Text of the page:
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Nutcracker Stockings

Martha Stewart Kids, Special Issue 2001

Come December, kids all over the country can be found leaping around their living rooms, precariously pointing their toes or pretending to fight off armies of angry mice.

For more than a century, family outings to see "The Nutcracker" have prompted kids' dreams of becoming graceful ballet dancers or brave heroes leading troops of toys. If your children get swept up in the ballet, encourage their interest by filling their stockings with Nutcracker themed toys.

What to include? Take inspiration from the plot. Think back to your own childhood, and you may remember how it goes: A little girl has a peculiar godfather who gives her a nutcracker soldier; she falls asleep and a thrilling fight ensues between the Nutcracker Prince and some ill-tempered rodents, then she's escorted through a dancing fairyland of sweets. She watches a Spanish Hot Chocolate dance and a Chinese Tea dance, applauds marzipan shepherdesses, and sees a bevy of children emerge from beneath the skirts of Mother Ginger.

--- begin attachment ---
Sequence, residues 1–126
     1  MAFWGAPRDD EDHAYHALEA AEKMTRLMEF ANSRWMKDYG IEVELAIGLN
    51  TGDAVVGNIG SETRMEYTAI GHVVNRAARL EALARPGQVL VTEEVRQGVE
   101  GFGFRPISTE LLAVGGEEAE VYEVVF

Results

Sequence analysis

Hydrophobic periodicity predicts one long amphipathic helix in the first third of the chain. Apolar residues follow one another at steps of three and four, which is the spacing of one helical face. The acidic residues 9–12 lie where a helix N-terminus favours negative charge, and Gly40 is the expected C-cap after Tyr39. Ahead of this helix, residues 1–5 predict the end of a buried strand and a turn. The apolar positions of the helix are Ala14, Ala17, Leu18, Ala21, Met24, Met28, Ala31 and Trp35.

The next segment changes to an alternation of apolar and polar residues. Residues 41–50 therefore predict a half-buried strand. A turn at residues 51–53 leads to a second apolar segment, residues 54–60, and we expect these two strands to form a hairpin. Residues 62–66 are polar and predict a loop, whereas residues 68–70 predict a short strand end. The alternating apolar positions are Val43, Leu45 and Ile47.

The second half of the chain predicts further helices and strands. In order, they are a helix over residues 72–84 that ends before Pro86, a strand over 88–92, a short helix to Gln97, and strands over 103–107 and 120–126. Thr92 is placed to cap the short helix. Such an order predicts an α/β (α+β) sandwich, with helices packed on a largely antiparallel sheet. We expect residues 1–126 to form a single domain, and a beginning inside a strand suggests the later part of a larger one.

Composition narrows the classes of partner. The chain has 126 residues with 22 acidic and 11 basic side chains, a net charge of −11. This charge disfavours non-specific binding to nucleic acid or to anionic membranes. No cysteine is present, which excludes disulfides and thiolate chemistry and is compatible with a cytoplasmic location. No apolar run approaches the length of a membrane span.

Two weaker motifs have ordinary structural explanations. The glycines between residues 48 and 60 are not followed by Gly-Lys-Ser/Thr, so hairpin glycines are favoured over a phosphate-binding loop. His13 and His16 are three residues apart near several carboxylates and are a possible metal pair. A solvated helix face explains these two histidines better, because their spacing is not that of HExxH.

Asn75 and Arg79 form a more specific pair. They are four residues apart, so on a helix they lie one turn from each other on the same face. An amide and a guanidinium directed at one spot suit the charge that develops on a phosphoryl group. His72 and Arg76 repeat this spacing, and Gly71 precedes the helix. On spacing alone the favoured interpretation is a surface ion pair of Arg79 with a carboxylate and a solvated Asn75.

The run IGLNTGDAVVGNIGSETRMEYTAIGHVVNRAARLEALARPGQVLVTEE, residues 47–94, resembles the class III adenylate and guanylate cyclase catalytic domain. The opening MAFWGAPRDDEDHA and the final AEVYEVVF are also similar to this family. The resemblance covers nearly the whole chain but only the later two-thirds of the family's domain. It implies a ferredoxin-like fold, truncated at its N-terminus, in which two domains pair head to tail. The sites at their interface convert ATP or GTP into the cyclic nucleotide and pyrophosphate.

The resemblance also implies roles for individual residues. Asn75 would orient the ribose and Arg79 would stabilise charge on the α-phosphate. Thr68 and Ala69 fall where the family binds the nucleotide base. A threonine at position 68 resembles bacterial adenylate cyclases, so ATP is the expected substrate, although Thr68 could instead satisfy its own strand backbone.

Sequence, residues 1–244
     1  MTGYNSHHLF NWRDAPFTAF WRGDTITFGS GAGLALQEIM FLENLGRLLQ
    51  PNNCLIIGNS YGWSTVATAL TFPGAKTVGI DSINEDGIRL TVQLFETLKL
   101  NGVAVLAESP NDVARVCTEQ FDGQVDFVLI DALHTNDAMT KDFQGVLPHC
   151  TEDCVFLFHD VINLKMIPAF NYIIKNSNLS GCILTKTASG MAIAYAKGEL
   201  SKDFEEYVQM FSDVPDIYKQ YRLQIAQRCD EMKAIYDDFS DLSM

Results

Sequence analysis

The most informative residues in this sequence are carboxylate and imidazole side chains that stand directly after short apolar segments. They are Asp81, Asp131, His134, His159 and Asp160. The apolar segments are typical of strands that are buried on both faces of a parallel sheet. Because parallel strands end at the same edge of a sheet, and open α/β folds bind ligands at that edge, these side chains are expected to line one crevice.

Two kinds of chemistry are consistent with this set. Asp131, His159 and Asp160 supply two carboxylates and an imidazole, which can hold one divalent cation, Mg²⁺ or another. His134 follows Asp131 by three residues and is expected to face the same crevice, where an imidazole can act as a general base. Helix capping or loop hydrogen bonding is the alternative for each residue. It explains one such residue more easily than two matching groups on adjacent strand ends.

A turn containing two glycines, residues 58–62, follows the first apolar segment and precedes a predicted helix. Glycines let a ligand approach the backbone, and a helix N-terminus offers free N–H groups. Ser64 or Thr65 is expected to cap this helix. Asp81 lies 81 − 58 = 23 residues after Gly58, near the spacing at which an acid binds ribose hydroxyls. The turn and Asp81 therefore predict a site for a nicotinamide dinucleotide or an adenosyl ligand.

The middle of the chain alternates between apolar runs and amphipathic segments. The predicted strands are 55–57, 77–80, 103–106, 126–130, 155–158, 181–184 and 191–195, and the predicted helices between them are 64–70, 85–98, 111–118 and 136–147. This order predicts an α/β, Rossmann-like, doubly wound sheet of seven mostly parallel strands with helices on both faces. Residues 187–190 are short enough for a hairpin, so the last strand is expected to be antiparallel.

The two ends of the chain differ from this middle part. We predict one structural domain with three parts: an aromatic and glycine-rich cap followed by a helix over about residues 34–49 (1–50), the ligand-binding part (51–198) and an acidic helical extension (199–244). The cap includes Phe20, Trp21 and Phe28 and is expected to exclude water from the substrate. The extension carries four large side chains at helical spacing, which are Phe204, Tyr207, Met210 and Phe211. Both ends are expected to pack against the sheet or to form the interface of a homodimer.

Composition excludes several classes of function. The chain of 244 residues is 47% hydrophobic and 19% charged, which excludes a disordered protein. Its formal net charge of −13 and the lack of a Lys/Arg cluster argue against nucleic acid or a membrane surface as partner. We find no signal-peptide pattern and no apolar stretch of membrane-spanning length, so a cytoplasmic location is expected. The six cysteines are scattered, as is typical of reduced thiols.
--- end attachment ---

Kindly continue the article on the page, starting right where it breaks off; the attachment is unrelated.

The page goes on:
The original version of the story, written by E.T.A. Hoffmann in the early 1800s, was a far darker tale, filled with loneliness, menace, and sorrow. The ballet, first performed 75 years later, was based on a newer and happier--if more illogical--version. Tchaikovsky's music added a fanciful dreaminess.

The slightly strange disconnect between the plot and the dance sequences is perhaps part of the reason why "The Nutcracker" is so popular: Children have to use their imaginations to fill in the gaps. When they receive these stockings brimming with gifts relating to the ballet, kids will have a chance to create their own stories of Sugar Plum Fairies and Dancing Tea Cups.

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